Home October 2011 True Believers and Mixed Messages

True Believers and Mixed Messages

It is fitting that the trial of the Irvine 11 and the special election in New York took place in the shadow of the tenth anniversary of “9/11.”  The reactions to all of the events are indicative of the complexity of human decision-making, especially that of American Jews.
Anyone in attendance at UCI on February 8, 2010, has a vivid memory of the orchestrated attempt by the so-called Irvine 11 to interfere with Ambassador Michael Oren’s right to free speech.  These Muslim students constantly interrupted Oren’s appearance, taking turns standing up and reading statements loudly as the ambassador tried to speak.  The disruptions began about 15 seconds after Oren started speaking and ended when security guards removed the students.  Not only were members of the audience deprived of listening and interacting with Oren, but the apparent orchestration of the Muslim Student Union actions makes me think of the attack on that horrible day in 2001 – cold, calculated and coordinated.
While the students did no physical harm, they obviously acted out of hatred for the Jews and Western culture and disrespect for the freedoms guaranteed by the First Amendment.  Someone was pulling the strings, and the students acted in concert, creating an environment of disruption, fear and anger.  Yes, the students have been punished by means of a short ban on Muslim Student Union activities, but what happens if we let it go at that?  Such violations of free speech will keep happening in Irvine and elsewhere.  Jews will be uncomfortable – or perhaps unsure of what the First Amendment really means or who is being victimized.
In a polling place across the country, as reported by JTA, Republican Bob Turner won an upset victory in the heavily Democratic and Jewish congressional district in New York represented by Anthony Weiner until his resignation in mid-June amid a sex scandal.  Turner beat his Democratic opponent, New York State Assemblyman David Weprin, in the September 13 special election by a margin of 54 to 46 percent.  Former New York City Mayor Ed Koch, a Democrat, urged voters to support Turner in order to send a message of dissatisfaction with President Barack Obama over his policies toward Israel.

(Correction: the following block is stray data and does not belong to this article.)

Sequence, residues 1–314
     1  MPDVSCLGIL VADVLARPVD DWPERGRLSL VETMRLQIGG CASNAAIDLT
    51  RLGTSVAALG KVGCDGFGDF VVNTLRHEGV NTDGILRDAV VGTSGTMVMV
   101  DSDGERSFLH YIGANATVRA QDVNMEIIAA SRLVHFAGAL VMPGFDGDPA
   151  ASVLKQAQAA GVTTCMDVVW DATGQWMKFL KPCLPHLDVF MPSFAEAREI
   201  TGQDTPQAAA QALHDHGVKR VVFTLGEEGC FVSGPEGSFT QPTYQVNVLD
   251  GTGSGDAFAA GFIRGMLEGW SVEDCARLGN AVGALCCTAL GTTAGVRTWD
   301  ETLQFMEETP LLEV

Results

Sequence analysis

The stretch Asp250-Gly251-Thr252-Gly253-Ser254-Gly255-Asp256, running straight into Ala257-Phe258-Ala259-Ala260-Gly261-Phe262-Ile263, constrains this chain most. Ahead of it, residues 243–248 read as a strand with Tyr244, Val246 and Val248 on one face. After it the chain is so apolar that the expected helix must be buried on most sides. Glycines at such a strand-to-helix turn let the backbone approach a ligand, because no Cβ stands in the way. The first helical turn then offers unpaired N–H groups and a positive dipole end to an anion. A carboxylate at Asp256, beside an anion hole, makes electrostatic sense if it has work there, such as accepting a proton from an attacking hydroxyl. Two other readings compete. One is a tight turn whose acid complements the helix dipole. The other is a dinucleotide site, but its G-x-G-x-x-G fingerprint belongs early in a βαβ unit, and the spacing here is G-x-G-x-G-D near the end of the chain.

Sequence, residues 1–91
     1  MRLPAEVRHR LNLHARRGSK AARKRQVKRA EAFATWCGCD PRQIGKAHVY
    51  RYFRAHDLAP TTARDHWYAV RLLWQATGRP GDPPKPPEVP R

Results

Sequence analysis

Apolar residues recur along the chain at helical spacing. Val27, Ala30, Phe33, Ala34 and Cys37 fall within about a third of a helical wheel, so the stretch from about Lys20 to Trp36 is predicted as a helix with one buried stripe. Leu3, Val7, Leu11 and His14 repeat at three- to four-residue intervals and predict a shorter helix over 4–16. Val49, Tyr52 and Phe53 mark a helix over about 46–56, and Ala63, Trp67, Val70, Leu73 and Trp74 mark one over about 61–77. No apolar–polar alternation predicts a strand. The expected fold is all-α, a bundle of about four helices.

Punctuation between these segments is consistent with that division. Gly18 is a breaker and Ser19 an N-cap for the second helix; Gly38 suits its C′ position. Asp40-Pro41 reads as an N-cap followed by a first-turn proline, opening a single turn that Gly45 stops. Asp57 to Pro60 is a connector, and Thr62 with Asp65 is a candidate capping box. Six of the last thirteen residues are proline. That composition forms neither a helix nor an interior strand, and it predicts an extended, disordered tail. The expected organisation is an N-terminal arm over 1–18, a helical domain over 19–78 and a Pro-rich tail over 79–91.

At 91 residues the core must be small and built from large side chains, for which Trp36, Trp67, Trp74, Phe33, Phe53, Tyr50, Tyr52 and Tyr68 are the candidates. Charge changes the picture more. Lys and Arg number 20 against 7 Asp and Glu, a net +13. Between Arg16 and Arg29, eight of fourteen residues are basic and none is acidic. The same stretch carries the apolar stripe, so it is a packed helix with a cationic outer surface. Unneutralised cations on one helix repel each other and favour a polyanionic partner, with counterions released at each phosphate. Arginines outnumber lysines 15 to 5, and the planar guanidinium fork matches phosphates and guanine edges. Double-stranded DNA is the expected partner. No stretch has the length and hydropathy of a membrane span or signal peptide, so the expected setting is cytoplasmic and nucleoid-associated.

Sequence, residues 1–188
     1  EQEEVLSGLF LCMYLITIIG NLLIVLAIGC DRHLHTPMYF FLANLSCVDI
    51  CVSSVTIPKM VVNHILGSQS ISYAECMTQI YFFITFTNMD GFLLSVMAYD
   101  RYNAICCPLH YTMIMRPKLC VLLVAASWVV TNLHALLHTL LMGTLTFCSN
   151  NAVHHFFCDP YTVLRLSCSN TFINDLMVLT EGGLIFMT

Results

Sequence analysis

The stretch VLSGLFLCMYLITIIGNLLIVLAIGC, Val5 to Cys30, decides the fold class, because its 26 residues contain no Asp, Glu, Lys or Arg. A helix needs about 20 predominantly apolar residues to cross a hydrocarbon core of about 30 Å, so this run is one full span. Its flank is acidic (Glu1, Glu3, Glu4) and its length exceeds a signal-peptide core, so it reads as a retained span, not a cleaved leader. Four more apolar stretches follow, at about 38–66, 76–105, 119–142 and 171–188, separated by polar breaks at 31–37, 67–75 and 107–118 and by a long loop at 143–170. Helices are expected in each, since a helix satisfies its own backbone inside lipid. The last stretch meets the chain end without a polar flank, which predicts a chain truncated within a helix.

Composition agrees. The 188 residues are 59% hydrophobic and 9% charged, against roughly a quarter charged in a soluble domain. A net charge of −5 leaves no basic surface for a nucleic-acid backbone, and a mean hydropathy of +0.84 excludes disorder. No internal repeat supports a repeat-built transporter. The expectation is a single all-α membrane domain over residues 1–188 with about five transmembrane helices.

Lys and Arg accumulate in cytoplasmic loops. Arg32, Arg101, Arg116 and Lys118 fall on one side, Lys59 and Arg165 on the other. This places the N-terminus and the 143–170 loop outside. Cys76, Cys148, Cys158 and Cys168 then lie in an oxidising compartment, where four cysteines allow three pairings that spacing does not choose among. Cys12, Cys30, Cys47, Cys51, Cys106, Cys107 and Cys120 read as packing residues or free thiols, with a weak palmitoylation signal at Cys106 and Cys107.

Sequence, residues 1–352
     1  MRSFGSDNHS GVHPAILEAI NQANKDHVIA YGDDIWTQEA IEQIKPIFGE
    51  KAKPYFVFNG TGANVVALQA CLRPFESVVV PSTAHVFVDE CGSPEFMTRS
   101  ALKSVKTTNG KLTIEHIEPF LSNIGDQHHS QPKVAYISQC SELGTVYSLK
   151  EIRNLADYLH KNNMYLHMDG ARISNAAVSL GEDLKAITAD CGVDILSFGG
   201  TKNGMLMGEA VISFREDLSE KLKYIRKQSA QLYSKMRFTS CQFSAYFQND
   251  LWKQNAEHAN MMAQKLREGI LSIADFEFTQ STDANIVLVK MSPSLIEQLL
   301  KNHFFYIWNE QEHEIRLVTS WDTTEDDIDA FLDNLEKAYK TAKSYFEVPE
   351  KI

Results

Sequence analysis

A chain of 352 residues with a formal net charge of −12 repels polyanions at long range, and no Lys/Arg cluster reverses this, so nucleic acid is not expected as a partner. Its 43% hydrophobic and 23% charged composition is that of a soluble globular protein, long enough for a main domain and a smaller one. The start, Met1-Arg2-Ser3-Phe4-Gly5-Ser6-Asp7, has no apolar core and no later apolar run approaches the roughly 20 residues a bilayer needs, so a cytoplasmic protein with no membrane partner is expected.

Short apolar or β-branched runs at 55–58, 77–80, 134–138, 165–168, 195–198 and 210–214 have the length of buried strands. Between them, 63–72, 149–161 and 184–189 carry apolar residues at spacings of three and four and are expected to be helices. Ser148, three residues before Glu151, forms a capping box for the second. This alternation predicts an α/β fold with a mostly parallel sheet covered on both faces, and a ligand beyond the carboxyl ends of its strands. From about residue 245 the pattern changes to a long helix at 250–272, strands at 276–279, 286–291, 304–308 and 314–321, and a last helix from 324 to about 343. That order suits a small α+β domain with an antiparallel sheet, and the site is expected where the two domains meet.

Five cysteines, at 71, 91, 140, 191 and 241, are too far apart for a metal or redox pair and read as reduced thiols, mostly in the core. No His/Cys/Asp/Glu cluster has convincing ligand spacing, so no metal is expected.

Was it Israel, same-sex marriage or the Obama administration’s handling of the economy?  Perhaps voters acted out of self interest, or perhaps they voted along abstract lines.  Both parties are trying to ascribe motives to the voters, and both are using the polls to find reasons for the outcome.  Jews in the district are sending a message, but what is it?
According to Dan Senor, co-author with Saul Singer of Start-up Nation: The Story of Israel’s Economic Miracle (Twelve, 2011) and senior adviser to the Coalition Provisional Authority in Iraq in 2003 and 2004, writing in the Wall Street Journal (September 14, 2011), “Mr. Obama … has built the most consistently one-sided diplomatic record against Israel of any American president in generations.”
Finally, the 9/11 memorial celebration was conceived in a way that did not include firefighters and other first responders, unquestionably the true heroes of the day, the people who gave us hope for the goodness of mankind in one of the ugliest moments in memory.  New York City Mayor Michael Bloomberg’s office said that because of the number of victims’ family members attending there would not be enough room to accommodate first responders at Ground Zero that day.  In addition, the mayor did not want to have religious services out of fear of offending anyone. Apparently, political correctness trumped the truth.
How are all of these scenarios connected?  The radical Muslims are passionate and synchronized.  Whatever their motivation to disrupt a speech or a whole country, there is cold, hard determination to act.  For Jews the journey is important, and the need to weigh the alternatives is critical.  Thus, the Jews will consider that all human beings are created b’tselem Elohim (in God’s image), think about how the other people feel, relate it to having been outsiders themselves and have trouble balancing self-interest with empathy.
May we find that balance in the New Year.

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